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Found this that may lead to Gilbertds’ thoughts….

Engine Coolant Temperature (ECT) sensor - (from99MY)

The ECT sensor is located at the top front of the engine, adjacent to the coolant outlet pipe. The sensor screws into a thread in the inlet manifold and incorporates a sealing ring between the faces of the sensor and manifold.The ECT sensor multiplug has four wires; two are thesignal and ground connections used by the ECM, the other two are used by the body control module(BeCM) for control of the temperature warning lamp operation on the instrument pack.The sensor contains two thermistors with negative temperature co-efficients; as temperature increases,the thermistor’s resistance decreases. The ECM receives a corresponding analogue input voltagebetween 0 and 5V.NOTE: The temperature / resistance characteristics of the two thermistorsdiffer, and so it is important to maintainthe correct pin-outs.The ECM uses the information received from the ECTsensor to make adjustments to the engine operatingconditions. The ECM ensures a richer air:fuel mixtureis available at lower block temperatures for good quality starts and smooth running. The mixture is then made leaner as the engine temperature rises to maintain low emissions and good performance.For NAS vehicles with secondary air injection, thesignal from the ECT sensor is monitored at engine start, to determine whether the conditions are coldenough to warrant secondary air injection to beemployed. The ECT sensor is then monitored to switch off the secondary air injection when therequired engine coolant temperature has been attained.

If the sensor fails, the ECM uses a substitute software routine that changes default value during warm up,based on the signal from the inlet air temperature sensor. When the software model reaches a coolant temperature of 60°C (140°F) the ECM implements a fixed default value of 85°C (185°F). The ECM coolant model also forms part of the diagnostics that is performed for detecting a temperature sensor fault, as well as open and short circuit tests.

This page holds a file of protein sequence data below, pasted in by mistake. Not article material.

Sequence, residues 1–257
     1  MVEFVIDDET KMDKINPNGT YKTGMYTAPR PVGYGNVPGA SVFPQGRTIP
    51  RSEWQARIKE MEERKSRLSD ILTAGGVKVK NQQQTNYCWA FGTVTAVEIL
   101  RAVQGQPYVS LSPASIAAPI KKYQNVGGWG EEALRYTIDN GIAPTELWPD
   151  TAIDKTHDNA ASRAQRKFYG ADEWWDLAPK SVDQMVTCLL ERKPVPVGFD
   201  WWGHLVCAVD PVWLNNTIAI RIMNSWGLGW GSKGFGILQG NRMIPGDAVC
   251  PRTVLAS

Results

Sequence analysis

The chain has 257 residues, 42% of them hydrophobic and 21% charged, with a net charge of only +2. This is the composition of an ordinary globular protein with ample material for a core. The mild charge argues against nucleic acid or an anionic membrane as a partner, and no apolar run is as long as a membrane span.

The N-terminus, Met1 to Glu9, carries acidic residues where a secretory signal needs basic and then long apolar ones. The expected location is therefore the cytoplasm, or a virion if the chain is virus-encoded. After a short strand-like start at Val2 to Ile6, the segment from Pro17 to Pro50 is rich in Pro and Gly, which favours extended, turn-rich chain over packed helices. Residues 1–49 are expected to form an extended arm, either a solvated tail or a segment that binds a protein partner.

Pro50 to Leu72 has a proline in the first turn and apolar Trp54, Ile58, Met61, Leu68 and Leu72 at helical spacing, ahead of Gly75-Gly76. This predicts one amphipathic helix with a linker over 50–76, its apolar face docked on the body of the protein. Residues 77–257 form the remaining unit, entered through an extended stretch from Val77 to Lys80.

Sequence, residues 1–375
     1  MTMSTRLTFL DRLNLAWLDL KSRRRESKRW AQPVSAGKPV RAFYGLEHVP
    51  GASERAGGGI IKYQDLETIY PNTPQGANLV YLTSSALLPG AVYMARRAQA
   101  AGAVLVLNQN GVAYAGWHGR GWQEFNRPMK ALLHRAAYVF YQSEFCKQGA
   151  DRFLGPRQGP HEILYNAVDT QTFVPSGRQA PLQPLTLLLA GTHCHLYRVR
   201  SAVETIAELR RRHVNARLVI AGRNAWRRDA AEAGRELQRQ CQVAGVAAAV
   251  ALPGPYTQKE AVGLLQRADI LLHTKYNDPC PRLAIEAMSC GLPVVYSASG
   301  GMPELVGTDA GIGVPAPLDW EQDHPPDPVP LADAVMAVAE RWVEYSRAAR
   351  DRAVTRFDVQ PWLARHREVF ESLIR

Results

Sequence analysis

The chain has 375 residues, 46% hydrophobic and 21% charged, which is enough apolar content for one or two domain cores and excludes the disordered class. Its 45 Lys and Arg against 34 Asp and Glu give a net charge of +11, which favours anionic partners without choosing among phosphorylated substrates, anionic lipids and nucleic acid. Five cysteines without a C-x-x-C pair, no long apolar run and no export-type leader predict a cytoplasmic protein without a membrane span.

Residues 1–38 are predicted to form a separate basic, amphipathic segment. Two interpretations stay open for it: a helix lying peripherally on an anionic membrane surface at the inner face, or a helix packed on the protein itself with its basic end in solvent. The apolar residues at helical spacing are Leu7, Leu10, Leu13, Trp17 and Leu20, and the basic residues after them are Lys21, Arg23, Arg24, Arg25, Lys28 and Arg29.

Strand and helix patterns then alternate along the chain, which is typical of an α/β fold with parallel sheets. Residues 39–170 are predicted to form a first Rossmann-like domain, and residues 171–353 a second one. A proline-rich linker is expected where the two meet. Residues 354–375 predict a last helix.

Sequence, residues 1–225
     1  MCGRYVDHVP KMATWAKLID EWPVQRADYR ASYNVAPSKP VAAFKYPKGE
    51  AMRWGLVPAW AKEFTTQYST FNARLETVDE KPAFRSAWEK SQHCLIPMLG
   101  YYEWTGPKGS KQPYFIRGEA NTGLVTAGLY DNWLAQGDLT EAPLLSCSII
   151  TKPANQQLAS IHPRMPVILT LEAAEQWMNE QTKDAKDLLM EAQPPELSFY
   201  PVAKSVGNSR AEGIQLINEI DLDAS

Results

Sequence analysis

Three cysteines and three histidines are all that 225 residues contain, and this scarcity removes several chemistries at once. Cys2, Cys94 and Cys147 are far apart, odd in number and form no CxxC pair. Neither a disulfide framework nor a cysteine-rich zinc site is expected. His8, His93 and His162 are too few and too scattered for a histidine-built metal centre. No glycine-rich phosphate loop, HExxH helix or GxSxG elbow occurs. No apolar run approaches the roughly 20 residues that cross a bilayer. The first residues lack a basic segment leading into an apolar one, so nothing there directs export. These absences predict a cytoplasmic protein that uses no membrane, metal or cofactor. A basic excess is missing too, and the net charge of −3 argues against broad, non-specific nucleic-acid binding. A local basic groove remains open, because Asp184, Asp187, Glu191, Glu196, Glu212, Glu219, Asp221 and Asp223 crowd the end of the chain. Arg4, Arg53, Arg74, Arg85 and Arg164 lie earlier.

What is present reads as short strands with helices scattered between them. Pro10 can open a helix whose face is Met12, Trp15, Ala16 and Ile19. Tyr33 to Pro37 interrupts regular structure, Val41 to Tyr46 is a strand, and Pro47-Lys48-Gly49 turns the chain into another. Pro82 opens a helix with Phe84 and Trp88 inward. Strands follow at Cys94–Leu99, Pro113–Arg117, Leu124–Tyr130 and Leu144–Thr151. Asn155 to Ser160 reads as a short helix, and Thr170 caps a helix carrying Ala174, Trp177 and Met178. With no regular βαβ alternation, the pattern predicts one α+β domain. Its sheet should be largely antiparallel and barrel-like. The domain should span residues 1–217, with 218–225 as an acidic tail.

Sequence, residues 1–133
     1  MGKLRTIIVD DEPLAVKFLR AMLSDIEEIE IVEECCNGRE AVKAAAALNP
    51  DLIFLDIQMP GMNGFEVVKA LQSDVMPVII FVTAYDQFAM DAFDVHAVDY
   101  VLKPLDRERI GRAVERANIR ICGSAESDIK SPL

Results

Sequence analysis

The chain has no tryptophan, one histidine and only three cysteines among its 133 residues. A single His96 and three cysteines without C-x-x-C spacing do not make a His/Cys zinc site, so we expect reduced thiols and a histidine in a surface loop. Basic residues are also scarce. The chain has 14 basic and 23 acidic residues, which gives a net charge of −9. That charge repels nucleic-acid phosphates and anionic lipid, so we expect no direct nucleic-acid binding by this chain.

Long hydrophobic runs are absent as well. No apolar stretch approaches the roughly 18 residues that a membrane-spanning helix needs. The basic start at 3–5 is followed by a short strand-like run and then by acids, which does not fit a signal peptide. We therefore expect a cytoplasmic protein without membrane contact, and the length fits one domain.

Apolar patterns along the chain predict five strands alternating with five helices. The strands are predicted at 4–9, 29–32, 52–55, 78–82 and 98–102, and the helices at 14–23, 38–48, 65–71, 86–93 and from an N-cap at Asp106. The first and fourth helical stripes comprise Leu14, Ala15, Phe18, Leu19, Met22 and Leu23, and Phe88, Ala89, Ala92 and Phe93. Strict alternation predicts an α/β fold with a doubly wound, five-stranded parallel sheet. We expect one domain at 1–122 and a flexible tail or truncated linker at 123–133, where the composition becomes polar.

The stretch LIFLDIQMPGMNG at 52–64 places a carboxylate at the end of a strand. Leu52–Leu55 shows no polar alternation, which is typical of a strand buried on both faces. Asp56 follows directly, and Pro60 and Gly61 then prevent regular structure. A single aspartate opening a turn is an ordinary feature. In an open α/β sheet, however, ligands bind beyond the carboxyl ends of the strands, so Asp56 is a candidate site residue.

Temperature Voltage
-50°C 5V
-20°C 4.8V
10°C 4.2V
40°C 2.8V
70°C 1.4V
100°C 0.6V
130°C 0.2V

NOTE: All voltages listed are approximate.

A coolant temperature circuit failure may result in the following symptoms:
• Poor cold and warm/hot starting and driveability.
• Instrument pack temperature warning lamp willilluminate.
• MIL will be illuminated.
• Temperature gauge reads excessively hot orcold.
• Cooling fan will not run
• SAI pump will operate at engine start up even when engine is hot (NAS with secondary airinjection system only).

I will try change the temp sensor.

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Gilbert, Good point.....
Is the SAI system actually switching on when this happens?? If so, it is certainly
the problem. (now we need a solution!)
If it is not activating when warm, obviously it cannot be causing the problem?

I have never been aware of the system coming on after a cold start, and there is indeed a second temp sensor at the bottom of the Radiator for 99-02 Bosch systems. Possibly if this sensor is faulty, or has a bad connection, it could cause the SAI to erroneously activate?

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You posted as I was writing.....
I think you are on the right track though.
Interestingly, My 99 does not have the additional temp sensor, whereas my 02 does.
Even though the 99 was manufactured in Sept? Hmmmmm??

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If I were to start reading again at the first post I might guess that it started fine from cold due to running open loop fuelling and as soon as it warmed up and switched to closed loop fuelling it ran poorly due to a duff lambda sensor.

Sometimes error codes can be misleading.. If the code doesn't point to an electrical issue such as open circuit SAI system maybe the ECU error detection assumes an SAI fault (because SAI is active) when there is a mixture issue?

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But if you did read from the beginning, or even from halfway through, you'd see that if he plugs the SAI pipe with his finger it runs normally...... Definitely a problem with the SAI system rather than anything else.

Do you have any diagnostics James? As you've found, the temperature sensor on the Thor is two sensors in one body (rather than 2 separate sensors on the GEMS). One feeds the dashboard temperature gauge while the other feeds the ECM. If you connect OBD diagnostics that can display live data and look at what engine temperature is shown. If it is obviously wrong, that is the problem.

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I have the NANOCOM and I will check engine temps tomorrow and report.
Thanks